Understanding the Great Depression

Which were the main causes of the Great Depression?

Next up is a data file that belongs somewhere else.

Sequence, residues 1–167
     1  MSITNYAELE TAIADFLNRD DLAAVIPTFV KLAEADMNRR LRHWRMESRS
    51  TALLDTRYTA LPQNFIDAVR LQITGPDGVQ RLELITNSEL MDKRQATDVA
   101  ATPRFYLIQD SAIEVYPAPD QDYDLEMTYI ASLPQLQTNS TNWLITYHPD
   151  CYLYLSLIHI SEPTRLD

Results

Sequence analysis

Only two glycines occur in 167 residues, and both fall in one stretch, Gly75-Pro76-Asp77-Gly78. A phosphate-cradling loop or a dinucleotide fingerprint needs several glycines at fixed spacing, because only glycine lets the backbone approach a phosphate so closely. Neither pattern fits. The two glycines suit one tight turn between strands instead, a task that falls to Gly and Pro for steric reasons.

The Great Depression was experienced from the year 1929 to 1941 (Eichengreen 1). This period was characterized by an economic downturn that is considered the longest global economic crisis in history. The depression’s origin was the United States after the collapse of the stock market. The economic slowdown was more severe in the United States than in other countries. America’s GDP fell by 15% while the global GDP fell by only 1% clearly indicating that American economy was suffering more than other economies (Eichengreen 2-7). Economic globalization was high in the 1920s where nations had focused on eliminating trade barriers to enable free trade with other countries. As a result, economic conditions in one country had implications in other countries. The Great Depression made the American government to implement far reaching measures aimed at recovering the economy. It had impacts on both the rich and the low income earners. The rich suffered from decreasing demand that translated into low profits in businesses. The people’s purchasing power was low leading to a fall of prices. The poor who were also the providers of labor suffered from lack of employment. The government suffered from the reduction in income taxes that compromised the ability to offer services to the citizens.  Industrial based cities were hard hit due to their over reliance on manufacturing. There are many factors that contributed to the great depression. However, there are  main ones that  led to the depression.